Oil Plummets, But the Iron Ore Trade Carries On

File image courtesy CSIRO

Published May 6, 2020 2:49 PM by The Strategist

[By David Uren]

The continued strength of the iron ore price is surprising, given the collapse of oil, which traders have recently been willing to pay buyers for if they’ll agree to offload full tankers.

Oil and iron ore are the two most basic commodities of industrial economies and, through much of their history, their prices have moved in tandem along with the underlying health of global industrial production.

But iron ore has been holding comfortably above $80 a tonne throughout the Covid-19 crisis, delivering a continuing run of fabulous profits to Australia’s big miners, BHP, Rio Tinto and Fortescue, which can all dig it up at a cost of less than $15 a tonne. The current price is about 35 percent higher than the Australian government expected when it cast its mid-year budget outlook last December.

The short explanation for iron ore’s strength is China. China buys almost three-quarters of all seaborne iron ore and is the dominant influence on prices. China is seen to have emerged from the public health crisis and there’s an expectation the government will respond to lingering weakness in its economy with public spending on infrastructure that will boost steel demand.

By contrast, China accounts for only around 14 percent of the global oil market, which has abruptly contracted. The International Energy Agency estimates oil demand globally will be down six percent this year, equivalent to subtracting India’s entire consumption.

With the Covid-19 crisis still acute across the major Western economies, it is too soon to know what the global economy will look like on the other side of it.

It may be that once social-distancing restrictions are eased, everyone will go back to eating at restaurants and then, once travel is allowed, resume their long-delayed holidays and business trips. It will all pass like a bad dream.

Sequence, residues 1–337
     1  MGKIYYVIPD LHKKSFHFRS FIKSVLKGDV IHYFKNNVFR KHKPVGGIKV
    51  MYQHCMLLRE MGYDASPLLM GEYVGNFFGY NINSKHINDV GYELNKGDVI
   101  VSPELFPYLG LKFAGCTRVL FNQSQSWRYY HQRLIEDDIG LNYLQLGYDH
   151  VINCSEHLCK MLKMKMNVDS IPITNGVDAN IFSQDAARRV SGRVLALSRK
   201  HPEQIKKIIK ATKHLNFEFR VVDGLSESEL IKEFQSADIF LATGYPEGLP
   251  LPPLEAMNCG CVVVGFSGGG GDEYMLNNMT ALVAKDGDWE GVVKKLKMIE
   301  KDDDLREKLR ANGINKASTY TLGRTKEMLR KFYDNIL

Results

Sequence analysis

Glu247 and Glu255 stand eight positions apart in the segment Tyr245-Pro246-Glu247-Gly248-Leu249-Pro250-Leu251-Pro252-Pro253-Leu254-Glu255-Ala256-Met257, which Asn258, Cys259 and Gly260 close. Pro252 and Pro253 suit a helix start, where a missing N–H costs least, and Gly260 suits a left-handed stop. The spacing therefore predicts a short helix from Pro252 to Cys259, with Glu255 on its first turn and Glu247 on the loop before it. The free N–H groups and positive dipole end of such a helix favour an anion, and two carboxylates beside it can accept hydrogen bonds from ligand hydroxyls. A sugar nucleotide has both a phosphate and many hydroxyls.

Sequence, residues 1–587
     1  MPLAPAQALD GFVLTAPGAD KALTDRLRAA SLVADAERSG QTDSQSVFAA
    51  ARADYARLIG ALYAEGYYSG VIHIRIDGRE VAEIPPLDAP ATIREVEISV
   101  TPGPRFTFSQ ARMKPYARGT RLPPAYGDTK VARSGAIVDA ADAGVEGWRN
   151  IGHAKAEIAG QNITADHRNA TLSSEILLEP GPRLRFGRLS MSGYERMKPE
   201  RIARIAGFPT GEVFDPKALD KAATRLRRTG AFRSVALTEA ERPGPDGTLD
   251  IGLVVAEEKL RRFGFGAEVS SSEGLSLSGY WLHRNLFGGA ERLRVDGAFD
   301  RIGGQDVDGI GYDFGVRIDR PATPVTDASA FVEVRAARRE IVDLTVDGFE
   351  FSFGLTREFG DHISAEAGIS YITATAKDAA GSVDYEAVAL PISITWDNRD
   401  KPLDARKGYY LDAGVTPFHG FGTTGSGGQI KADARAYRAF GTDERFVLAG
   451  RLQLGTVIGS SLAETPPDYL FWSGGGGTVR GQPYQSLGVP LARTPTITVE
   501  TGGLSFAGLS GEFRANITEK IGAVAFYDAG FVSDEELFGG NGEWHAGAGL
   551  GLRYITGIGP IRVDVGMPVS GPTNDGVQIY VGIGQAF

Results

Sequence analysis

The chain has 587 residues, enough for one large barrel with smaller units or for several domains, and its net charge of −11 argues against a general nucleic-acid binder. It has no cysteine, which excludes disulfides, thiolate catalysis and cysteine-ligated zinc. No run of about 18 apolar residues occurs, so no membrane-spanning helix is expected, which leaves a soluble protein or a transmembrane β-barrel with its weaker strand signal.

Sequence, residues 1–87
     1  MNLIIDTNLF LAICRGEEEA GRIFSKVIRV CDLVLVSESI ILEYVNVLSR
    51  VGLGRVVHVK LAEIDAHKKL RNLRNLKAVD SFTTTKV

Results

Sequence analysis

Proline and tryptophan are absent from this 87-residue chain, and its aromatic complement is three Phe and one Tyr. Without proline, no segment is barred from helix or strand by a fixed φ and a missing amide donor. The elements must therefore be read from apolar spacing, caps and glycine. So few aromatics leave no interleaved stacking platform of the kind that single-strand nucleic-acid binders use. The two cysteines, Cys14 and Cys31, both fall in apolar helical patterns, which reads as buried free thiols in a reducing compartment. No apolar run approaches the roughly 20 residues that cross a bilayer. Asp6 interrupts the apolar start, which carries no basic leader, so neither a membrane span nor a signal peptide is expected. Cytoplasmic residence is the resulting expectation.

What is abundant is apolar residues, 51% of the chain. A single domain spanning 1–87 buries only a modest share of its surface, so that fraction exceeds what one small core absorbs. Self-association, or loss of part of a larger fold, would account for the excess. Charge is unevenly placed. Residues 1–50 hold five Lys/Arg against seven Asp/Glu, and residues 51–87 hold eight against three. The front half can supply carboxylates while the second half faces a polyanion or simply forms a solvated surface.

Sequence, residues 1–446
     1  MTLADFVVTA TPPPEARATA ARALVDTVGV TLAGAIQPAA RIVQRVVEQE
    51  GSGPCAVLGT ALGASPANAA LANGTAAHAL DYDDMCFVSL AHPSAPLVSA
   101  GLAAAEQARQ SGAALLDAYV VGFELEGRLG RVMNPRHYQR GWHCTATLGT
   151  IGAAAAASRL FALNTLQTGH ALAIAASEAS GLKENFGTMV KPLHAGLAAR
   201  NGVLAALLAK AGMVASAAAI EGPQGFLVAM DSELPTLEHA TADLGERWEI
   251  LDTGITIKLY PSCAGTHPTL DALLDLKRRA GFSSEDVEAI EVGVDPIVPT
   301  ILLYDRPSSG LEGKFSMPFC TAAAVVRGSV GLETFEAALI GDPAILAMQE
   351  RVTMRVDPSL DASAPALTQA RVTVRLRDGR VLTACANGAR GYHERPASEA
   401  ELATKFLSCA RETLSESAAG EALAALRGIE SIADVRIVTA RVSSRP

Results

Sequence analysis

But a more pessimistic scenario of a long-lasting downturn in global demand cannot be discounted. Unemployment will remain high, banks will face large debt write-offs and will be reluctant to lend, and companies will defer investment decisions.

The backlash against globalization that has been building since the 2008 financial crisis may intensify, with the renewal of hostilities between the United States and China and pressure on companies to repatriate their supply lines. The World Trade Organization has forecast a fall in trade this year of anywhere from 13 percent to 32 percent. The post-Covid-19 world could be more like it was in the 1930s, when trade halved as a share of global GDP.

The resilience of the Chinese economy and its demand for commodities would be severely tested. The modernization and development of the Chinese economy over the past 30 years has been driven by globalization and the rapid growth of world trade. China has had some success in reducing its dependence on exports and fostering domestic consumption, but trade still underpins its manufacturing industry and it looks troubled.

In the first three months of the year, China’s exports to the US were down by 25 percent and its sales to the European Union were down 16 percent. Bigger falls are likely in the second quarter.

To some extent, the strength of the iron ore price relative to oil is a function of the leads and lags in the respective supply chains. Oil storage is limited and, if the producing nations keep pumping it at a faster rate than consumers are using it, the available space fills to the brim. The oil market is at that point.

By contrast, China’s manufacturers, construction companies, traders and producers all keep stocks of steel, and prices have been supported by buyers adding to inventories in anticipation of a revival in economic demand. The latest readings on Chinese industrial production for April show that, while businesses are slowly getting back to work, the loss of export markets is reducing overall output.

David Uren is a non-resident fellow with the United States Studies Centre at the University of Sydney.

This article appears courtesy of The Strategist and is reproduced here in abbreviated form. The original is available here

The opinions expressed herein are the author's and not necessarily those of The Maritime Executive.